[LINK] Labor bid to block net porn
chris at sw.oz.au
Mon Aug 16 20:48:44 EST 2004
On Mon, Aug 16, 2004 at 07:13:27PM +1000, Robin Whittle wrote:
> What use is an opposition which tries to out-rot the rotters in power?
> First the banning of same-sex marriages - on grounds of protecting the
> "family". Second passing the FTA on grounds of not wanting to be seen
> by the unwashed masses as being anti-American. Now Internet censorship
> as if it was possible to make connecting to the Net a child-safe
I'm not an apologist for the idea, but I think I understand the politics.
Anyway, the proposed "ban" is only until you opt-out (for now :-).
> It can't be, as long as children are using "chat" programs
> or email - and it is very difficult to reliably filter ordinary HTTP
> traffic to achieve what any one person might regard as "acceptable for
And any web content that doesn't touch port 80 is also likely to be
unfiltered too. But it will fix the "off-by-one" typos taking you to
explicit sites problem, which may be sufficient for some for a time.
> Adult supervision is required, and adults can choose their own level of
> filtering for their children. It is better, though still not perfect,
> to do it on the computer itself. It would, in principle, be possible to
> restrict a child's access to a very small set of trustworthy websites -
> but that can only be done for the individual computer, not at the ISP,
> unless the ISP is to be driven nuts by personalised and constantly
> changing filtering requirements. Also, the idea that a government
> mandated scheme can be reliably "child-safe" is nuts. There is no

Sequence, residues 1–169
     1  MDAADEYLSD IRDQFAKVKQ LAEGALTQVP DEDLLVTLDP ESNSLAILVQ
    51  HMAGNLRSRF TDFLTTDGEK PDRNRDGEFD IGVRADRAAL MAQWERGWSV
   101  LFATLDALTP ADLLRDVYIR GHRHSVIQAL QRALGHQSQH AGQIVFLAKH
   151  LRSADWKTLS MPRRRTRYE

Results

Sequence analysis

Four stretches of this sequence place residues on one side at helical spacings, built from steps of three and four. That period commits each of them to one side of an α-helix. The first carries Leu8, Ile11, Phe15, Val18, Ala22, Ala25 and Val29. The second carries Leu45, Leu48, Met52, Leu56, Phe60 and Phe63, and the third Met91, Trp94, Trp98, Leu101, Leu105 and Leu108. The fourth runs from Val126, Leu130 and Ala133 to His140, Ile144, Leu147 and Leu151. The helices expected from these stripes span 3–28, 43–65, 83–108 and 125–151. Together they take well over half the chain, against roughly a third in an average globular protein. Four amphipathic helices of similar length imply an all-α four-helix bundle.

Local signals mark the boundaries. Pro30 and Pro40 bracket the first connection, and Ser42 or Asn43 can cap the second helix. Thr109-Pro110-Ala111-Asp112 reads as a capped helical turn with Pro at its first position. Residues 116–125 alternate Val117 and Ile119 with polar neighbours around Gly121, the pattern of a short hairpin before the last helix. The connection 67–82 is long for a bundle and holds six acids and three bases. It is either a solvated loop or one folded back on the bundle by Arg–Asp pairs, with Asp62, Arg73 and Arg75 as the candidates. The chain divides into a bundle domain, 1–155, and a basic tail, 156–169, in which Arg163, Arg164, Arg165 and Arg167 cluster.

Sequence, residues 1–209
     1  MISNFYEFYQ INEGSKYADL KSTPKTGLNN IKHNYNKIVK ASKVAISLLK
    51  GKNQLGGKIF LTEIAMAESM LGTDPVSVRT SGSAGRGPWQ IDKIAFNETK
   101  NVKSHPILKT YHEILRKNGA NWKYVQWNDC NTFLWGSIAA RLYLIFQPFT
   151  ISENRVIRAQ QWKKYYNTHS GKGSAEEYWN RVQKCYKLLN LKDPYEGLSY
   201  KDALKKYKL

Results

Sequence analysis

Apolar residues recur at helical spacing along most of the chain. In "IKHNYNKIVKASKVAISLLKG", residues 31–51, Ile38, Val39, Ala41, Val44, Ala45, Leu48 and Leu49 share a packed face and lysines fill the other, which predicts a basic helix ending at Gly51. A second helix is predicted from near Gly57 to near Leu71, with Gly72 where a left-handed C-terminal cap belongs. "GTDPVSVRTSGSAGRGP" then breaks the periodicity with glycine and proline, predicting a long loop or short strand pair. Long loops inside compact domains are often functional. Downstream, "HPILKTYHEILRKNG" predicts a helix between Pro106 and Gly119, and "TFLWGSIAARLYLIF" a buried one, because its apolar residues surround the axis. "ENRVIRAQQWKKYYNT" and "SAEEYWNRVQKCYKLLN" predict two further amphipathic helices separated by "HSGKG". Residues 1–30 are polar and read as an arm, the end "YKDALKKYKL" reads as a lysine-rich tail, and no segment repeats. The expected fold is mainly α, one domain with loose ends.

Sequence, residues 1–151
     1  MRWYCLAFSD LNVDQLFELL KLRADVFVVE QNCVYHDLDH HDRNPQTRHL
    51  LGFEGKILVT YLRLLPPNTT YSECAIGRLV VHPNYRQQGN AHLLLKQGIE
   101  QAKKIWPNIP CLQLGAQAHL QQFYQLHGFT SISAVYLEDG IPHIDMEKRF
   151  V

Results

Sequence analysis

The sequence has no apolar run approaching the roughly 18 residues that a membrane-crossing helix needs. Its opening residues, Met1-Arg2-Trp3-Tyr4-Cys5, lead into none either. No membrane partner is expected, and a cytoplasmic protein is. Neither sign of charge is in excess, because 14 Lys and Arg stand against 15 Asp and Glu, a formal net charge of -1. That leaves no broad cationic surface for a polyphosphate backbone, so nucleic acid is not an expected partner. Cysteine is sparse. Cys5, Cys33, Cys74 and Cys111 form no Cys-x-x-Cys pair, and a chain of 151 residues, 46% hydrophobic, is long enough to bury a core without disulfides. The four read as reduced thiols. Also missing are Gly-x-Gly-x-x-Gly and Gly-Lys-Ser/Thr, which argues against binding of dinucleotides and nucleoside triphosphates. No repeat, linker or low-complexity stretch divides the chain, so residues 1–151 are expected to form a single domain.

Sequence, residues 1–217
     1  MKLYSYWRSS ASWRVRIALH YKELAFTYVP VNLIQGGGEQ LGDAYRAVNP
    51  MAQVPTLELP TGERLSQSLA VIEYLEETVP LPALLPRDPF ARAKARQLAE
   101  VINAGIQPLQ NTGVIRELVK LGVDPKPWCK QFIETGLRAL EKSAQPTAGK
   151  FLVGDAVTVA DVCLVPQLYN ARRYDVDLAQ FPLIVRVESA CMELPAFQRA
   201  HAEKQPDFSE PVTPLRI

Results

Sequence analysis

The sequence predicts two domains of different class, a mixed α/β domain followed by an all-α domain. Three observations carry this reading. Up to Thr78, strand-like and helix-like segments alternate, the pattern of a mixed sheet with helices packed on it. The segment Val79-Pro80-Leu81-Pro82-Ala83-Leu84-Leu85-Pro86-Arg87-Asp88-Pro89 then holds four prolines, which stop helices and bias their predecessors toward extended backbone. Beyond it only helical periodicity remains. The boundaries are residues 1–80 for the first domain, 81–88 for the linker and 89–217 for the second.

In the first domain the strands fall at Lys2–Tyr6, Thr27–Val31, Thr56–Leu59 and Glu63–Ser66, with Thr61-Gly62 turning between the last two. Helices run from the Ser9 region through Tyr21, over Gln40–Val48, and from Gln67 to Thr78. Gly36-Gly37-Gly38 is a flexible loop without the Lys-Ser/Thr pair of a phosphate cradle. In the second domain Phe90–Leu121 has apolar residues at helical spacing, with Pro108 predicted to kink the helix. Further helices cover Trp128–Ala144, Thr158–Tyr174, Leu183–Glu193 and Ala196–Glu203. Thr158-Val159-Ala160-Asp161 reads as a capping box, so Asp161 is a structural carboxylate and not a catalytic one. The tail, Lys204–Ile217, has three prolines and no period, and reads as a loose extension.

> agreed standard of what this means. It would have to rule out all
> communications of a "chat" nature.
But the problem is one of lack of parental supervision - and the search
for a way to "fail safe" when parents abrogate their responsibility. As
you say, chat and filesharing etc are at least as big a problem, and not
easy to control at the ISP.
> How could they filter email to stop it being non child-friendly? Its
> impossible. Most email is now done by Web-mail anyway - such as
> yahoo.com.au. The page http://www.yahoo.com.au is in Sydney, but
> sending a message from it involves a server (in my test)
> web50108.mail.yahoo.com which is in the USA.
> Besides, if Australia unilaterally blocks "porn" or any such thing,
> won't this be in violation of the FTA?
Good point, porn is IP, and largely owned by US corporations. I suppose
it would be ok to block it as long as we also blocked home-grown porn
in the same way, and paid the compensation to the companies affected
by haphazard government regulation...
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